Search activity helps marketers develop strategies that guide their future outreach programs. When professionals discern insight into consumers’ tendencies to research specific topics online more often than other subjects, content marketing campaigns can be drafted to take advantage of these trends. Recently, local search provider and online advertising network YP released its end-of-year report that outlines search activity over the course of 2012. Data shows trends from its PC portal, mobile apps and web traffic.
The study noted that 30 percent of its overall search volume came from mobile devices, which further highlights demand for mobile SEO content. More, 100 percent of queries on the YP network are location based, and while YP admits its data may not be an entire representation of market-wide activities, the findings offer a good glimpse into the evolving nature of search in general. People now regard search engines as their greatest resource for discovering new products, services and even businesses situated just around the corner.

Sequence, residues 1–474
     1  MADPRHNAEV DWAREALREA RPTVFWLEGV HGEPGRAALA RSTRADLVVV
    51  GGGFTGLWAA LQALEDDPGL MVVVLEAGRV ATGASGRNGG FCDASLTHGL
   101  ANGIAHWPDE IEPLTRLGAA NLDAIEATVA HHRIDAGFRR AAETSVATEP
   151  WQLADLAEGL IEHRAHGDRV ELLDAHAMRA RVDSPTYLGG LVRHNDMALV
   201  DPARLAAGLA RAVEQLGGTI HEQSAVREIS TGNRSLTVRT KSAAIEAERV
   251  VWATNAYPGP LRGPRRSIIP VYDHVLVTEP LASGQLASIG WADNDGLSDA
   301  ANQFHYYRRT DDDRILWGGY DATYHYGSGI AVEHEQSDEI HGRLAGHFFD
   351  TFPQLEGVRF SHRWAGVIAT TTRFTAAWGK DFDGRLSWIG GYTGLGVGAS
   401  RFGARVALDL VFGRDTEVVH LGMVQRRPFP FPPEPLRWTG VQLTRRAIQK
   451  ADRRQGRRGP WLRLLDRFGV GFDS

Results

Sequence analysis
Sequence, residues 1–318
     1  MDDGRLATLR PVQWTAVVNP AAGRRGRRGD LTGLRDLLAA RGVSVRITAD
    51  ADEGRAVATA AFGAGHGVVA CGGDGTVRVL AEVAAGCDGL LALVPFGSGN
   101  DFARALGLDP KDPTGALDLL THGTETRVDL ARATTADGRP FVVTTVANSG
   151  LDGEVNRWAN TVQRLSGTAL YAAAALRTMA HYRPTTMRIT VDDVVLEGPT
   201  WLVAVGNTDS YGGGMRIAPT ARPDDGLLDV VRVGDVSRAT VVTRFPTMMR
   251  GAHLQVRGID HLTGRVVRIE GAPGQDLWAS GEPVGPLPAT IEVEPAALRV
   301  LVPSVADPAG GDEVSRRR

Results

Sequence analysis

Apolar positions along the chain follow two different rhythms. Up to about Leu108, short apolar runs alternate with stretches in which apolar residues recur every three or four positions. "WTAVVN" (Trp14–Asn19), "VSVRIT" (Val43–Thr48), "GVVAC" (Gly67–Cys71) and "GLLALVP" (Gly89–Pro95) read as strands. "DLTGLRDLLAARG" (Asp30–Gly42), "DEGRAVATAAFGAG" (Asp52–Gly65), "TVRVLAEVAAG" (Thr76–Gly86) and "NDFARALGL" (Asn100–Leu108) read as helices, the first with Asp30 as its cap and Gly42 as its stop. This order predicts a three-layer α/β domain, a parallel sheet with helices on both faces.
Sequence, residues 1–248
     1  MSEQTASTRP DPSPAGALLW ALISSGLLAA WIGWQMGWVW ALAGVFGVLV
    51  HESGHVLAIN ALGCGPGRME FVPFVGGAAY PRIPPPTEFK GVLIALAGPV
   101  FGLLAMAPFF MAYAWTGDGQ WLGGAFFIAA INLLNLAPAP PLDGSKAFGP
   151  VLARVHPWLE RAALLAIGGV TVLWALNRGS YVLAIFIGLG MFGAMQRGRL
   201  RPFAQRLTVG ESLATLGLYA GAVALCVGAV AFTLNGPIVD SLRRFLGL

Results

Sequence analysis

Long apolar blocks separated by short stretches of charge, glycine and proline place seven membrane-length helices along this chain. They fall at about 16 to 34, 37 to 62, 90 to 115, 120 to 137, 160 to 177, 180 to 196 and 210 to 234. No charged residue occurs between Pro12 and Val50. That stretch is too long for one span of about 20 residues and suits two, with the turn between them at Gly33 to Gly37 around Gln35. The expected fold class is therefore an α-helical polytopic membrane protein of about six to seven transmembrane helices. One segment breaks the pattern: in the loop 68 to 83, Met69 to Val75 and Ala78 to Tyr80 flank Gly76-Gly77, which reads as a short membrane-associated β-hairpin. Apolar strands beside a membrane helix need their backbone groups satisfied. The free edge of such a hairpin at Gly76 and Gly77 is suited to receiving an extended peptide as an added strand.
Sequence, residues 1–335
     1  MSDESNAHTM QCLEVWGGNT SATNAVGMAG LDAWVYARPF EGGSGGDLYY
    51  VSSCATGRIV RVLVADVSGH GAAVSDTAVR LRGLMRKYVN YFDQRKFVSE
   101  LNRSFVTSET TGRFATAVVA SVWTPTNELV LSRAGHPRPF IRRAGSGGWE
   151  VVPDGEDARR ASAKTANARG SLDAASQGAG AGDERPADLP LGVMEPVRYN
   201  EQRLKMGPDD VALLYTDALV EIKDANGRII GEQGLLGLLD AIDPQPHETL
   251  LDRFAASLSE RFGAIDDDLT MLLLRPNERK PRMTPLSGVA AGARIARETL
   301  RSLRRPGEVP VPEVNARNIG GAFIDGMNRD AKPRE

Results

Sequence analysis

According to YP’s “Local Insights Digital Report,” its network alone generates approximately 39 billion annual impressions through search activities. Brands don’t have to work with YP to garner attention from consumers via the web, but becoming visible across a wide array of online channels does drive traffic and increase the likelihood of upticks in sales.
Brands should create content marketing campaigns to reach web users, as organic, custom content engages prospective customers across all networks. While having a paid advertising campaign can help organizations reach new audiences, branded content published to the web educates internet users and speaks to readers no matter their place in the sales cycle. Additionally, with YP noting that more people search from mobile devices, content must be optimized and become easily digestible for on-the-go users. As 2013 edges closers, content creation initiatives should be revised to take into account mobile search trends, even while the bulk of activity continues to occur via PCs.